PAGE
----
Why innovation in digital marketing needs its checks and balances
Marketing communications is in a state of constant change, continually evolving to become ever-more digital. According to media agency Zenith’s Advertising Expenditure Forecast for December 2020, advertisers will invest $600bn (£4.3bn) in 2021 – of which more than half will be digital.
The digital market is dominated by three players: Alphabet (Google/YouTube), Facebook and Amazon. Between them they cover two-thirds of the global market except China, each serving millions of customers and enjoying continuous double-digit annual growth. The Big Three operate walled gardens, sharing only limited data on consumer behaviour for targeting. It is hard for brands to combine this with other data and so extract whole-campaign insights. Opaque data management and so much power concentrated into so few hands may lead to regulation in the near future.
Nevertheless, there is still more than $100bn (£71.m) invested in digital advertising outside the Big Three, media that is often innovative, is traded programmatically, and enables brands to address specific audience groups directly. In the excitement of the digital goldrush, new ways of reaching consumers bring untested, unverified solutions that should be vetted, monitored and – importantly – audited.
‘Paid, Earned, and Owned’
It is helpful to think of the media available today as Paid, Earned and Owned – properties where brands can advertise their products and services, social media channels, and their own digital media outlets respectively. Each brings with it its own set of challenges, degrees of transparency, and areas of concern that demand assessment and verification.
Outside of the leading global platforms, the largest part of digital media investment is made programmatically using an automated, machine-based chain of technologies for media trading. This approach uses data insights and algorithms to serve ads to the right users at the right time and at the right price – but without direct human intervention.
Many forms of programmatic exist, from Real-Time Bidding (RTB) to Private Market Places (PMPs). Programmatic can be bought in different ways – through agencies, consultancies, direct sellers or managed in-house. A complex ecosystem – bringing together media from many publishers, sites and inventories – joins together many different tools and technologies, including demand- and supply-side platforms (DMPs and SSPs).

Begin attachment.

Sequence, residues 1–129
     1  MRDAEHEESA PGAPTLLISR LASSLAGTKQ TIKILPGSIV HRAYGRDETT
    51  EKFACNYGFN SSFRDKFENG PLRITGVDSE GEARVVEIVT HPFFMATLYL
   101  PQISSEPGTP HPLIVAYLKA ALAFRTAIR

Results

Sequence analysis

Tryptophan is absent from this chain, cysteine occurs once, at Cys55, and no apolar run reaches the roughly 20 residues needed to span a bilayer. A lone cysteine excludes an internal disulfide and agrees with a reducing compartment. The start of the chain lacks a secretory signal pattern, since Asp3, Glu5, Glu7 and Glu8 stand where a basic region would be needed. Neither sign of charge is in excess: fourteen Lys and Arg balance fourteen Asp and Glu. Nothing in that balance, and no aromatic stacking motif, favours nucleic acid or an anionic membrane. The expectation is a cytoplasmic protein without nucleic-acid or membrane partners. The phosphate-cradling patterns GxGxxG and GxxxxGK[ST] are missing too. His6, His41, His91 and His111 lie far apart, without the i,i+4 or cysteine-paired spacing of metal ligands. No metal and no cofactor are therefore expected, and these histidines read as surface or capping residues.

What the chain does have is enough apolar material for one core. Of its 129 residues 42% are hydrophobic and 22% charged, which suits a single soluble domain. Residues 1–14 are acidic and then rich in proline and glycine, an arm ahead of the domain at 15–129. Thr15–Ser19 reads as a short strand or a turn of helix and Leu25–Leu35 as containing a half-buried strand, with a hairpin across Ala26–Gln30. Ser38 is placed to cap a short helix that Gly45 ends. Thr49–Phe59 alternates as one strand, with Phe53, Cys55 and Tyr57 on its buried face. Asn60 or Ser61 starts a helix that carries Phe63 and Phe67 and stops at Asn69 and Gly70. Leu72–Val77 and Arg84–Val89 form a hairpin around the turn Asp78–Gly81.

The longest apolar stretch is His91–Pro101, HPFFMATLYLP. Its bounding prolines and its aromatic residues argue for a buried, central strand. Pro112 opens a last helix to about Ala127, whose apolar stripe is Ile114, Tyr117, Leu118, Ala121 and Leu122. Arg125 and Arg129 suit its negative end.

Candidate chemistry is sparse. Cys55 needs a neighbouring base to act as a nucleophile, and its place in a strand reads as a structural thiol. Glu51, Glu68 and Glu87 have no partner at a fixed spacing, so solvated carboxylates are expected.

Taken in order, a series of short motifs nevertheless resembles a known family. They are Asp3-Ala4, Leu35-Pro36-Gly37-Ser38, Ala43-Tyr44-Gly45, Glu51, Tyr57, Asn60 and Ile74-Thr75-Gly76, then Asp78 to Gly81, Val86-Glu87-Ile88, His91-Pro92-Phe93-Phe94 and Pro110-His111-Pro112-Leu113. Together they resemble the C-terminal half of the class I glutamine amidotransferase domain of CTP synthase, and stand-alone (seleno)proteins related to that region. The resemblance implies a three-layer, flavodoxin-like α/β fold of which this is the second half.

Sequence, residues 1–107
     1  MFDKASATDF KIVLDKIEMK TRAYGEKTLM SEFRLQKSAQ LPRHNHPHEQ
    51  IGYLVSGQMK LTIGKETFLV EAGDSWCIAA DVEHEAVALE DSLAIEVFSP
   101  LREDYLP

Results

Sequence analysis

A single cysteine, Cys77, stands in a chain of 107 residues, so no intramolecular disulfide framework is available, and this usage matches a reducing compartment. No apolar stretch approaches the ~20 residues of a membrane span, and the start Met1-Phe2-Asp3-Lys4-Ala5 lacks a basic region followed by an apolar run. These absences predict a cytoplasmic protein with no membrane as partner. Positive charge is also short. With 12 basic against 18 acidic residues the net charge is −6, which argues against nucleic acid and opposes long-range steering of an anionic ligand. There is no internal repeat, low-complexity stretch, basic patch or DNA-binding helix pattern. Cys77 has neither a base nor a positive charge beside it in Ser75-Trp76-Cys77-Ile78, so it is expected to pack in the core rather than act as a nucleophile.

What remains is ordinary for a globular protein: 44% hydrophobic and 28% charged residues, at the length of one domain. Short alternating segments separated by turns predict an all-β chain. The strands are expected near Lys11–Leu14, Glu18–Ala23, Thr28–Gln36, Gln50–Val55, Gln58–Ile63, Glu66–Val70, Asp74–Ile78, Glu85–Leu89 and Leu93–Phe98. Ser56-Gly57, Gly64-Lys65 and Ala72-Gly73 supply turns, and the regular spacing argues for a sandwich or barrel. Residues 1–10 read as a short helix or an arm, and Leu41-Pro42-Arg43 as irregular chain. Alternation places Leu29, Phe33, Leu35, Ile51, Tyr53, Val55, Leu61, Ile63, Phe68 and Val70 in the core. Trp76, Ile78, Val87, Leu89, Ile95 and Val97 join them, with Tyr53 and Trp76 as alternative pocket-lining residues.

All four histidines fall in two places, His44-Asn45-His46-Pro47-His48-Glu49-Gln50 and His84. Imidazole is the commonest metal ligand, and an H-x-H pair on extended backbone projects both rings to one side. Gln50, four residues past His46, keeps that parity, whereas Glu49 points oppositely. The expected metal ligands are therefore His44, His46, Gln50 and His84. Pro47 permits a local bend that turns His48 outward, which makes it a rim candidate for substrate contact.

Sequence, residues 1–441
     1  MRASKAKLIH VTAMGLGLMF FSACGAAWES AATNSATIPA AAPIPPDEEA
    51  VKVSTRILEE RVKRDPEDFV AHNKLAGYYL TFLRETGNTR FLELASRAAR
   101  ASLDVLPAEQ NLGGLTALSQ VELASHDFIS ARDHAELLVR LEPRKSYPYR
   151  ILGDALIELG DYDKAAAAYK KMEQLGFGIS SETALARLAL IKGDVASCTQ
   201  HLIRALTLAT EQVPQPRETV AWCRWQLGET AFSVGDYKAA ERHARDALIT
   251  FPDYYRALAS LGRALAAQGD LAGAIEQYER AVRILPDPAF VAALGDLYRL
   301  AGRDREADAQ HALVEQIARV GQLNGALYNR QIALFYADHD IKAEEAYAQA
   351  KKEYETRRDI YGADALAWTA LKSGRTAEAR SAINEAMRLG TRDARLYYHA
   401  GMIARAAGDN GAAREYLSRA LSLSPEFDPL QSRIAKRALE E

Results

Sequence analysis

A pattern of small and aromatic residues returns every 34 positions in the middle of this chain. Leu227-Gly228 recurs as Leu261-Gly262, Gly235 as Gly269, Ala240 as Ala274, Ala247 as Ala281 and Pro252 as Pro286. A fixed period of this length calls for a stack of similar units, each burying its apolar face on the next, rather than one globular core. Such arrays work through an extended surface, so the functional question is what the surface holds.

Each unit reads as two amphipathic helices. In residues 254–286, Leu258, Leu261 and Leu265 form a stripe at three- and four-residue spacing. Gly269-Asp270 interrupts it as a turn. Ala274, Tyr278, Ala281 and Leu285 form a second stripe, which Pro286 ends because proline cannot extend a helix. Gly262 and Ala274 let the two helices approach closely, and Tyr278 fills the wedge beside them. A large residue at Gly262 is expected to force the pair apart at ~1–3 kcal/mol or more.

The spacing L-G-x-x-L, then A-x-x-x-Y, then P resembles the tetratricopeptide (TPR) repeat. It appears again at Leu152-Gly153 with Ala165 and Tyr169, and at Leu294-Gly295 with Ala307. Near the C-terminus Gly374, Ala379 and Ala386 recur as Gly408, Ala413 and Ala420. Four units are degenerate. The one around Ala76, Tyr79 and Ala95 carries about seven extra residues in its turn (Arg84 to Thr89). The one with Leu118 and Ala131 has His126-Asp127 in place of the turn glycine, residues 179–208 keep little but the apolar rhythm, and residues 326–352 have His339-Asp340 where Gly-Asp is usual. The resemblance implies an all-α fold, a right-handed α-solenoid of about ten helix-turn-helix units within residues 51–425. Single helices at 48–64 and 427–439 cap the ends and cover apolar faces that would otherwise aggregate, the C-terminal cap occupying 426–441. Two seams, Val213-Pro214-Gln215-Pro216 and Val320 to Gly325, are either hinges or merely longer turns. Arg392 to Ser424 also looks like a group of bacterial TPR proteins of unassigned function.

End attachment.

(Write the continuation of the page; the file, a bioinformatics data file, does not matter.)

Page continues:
Programmatic often brings with transparency and accountability challenges. There are so many layers and players across the value chain, each taking their slice of the advertiser’s investment. Auditing programmatic media spend requires opening the black box in which programmatic often operates. To get a true sense of where and why money is being spent demands a comprehensive understanding and verification of all technology contracts, fees for agencies and technology partners, and the charges made by all related parties.
Another innovative approach in paid media, one being driven by leading media agencies and holding companies, is inventory media. This is where agencies buy media inventory upfront, in bulk, at their own risk and without a prior order, package it up and sell it on to advertisers. In inventory media deals, agencies operate as both agent and principal, and it is almost always sold with strict non-audit clauses; by agreeing to invest in inventory media, brands forfeit the right to know the price at which the agencies bought it.
While inventory media can appear to represent great value for brands – better value than if they attempted to buy the same media themselves – the lack of transparency means that it can also deliver spectacular margins for the agencies. Often, for instance, inventory media can include media space given by publishers to agencies as part of a bulk deal, or as a last-minute fire-sale. But because it operates as a black box transaction, advertisers can never know whether inventory media does indeed represent fair value.